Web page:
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Gospel: Matthew 28:1-10 (NIV)
- Hymn CW 441 “I Know that My Redeemer Lives”
- Choir sings “He Is Not Here!”
- Hymn CW 440:1-4, 5 “Christ Jesus Lay in Death’s Strong Bands”
- Communion Anthem “Living Hope”
- Hymn CW 938 “This is the Feast”
- Hymn CW 438 “Jesus Christ is Risen Today”
Sermon Theme: “It happened just as he said!”
For those of you who were blessed to walk with us to the cross during the Lenten season you know that the events of Jesus’ last days were not unexpected to him. For example, we saw that Jesus told his disciples multiple times he would be betrayed and crucified. We saw that he was in complete control, willingly allowing it to happen. Jesus knew his suffering and death would have a purpose – he had come specifically to give his life as a ransom for sinners.
The last two days, or three as the Jews count it, have shown Jesus to be correct. Jesus, the one perfectly innocent man in all history, was found guilty by the Jewish leaders and Roman officials. They crucified him, executing him in one of the worst ways ever devised by mankind. Nothing competes with crucifixion for sheer brutality, pain, and shame. Then in the twilight hours that Friday night, two faithful followers laid the body of Jesus Christ in a tomb. They did the best they could but they didn’t even have time to fully prepare the body according to their customs. Jesus was dead, just as he said he would be. He had given his life to atone for our sins, just as he said he would do. It had all happened just as Jesus said it would.
Today though, we are gathered here not to mourn the death of Jesus but celebrate his life. The resurrection on Easter Sunday is the perfect conclusion to our Savior’s suffering and death. Remember, Jesus said that this victory would happen too. The angel at the tomb on Easter morning even used this very phrase: “Just as he said.” So this morning, we see God’s exclamation point on the work that Jesus finished on Good Friday. We walk with the women to the empty tomb and once again marvel at God’s amazing grace and forgiveness.
After his death and burial, Jesus’ body lay in the tomb undisturbed all day Saturday. It was the Jewish Sabbath and no work could be done – certainly no work with a dead body. So early on Sunday morning Mary Magdalene and “the other” Mary went to the tomb to see how they might finish the burial customs. On the way they wondered just how they would get the stone rolled away from the entrance.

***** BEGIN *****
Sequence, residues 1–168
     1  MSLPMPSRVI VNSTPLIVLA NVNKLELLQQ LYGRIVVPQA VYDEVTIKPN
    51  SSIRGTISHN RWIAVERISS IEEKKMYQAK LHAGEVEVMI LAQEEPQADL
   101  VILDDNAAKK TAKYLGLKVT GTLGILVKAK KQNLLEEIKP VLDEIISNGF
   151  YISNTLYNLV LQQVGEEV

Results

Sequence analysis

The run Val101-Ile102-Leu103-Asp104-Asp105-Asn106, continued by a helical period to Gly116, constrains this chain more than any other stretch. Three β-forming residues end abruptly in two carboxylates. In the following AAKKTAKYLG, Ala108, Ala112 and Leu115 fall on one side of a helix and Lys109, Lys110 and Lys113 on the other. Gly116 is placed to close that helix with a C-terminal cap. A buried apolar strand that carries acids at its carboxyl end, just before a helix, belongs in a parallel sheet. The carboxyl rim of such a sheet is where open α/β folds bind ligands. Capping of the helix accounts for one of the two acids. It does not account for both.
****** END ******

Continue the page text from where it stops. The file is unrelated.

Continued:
But they didn’t need to worry. On their way there an earthquake shook the ground. They didn’t know it at the time, but that earthquake accompanied the appearance of an angel who rolled back the stone and then sat on it. (The other Gospels tell us that there was another angel in the tomb as well.) Matthew describes the reaction of the Roman guards who had been posted at the tomb in verse four. “The guards were so afraid of him that they shook and became like dead men.” Eventually they regained their senses and when they did, they ran. They’re completely gone from the garden by the time the women show up. And with their exit and the stone rolled away, the path is open – there were no barriers for people to look into the tomb and see that it was empty. The stone wasn’t rolled away to let Jesus out – it was rolled away to let us look in!
And when the women do come, what a sight it was that greeted them. I imagine they trembled and were ready to fall down in fear at the sight of one of God’s holy servants, but the angel spoke to them in words that bring us unending Easter joy. “The angel said to the women, ‘Do not be afraid, for I know that you are looking for Jesus, who was crucified. He is not here; he has risen, just as he said. Come and see the place where he lay. Then go quickly and tell his disciples: ‘He has risen from the dead and is going ahead of you into Galilee. There you will see him.’ Now I have told you.’”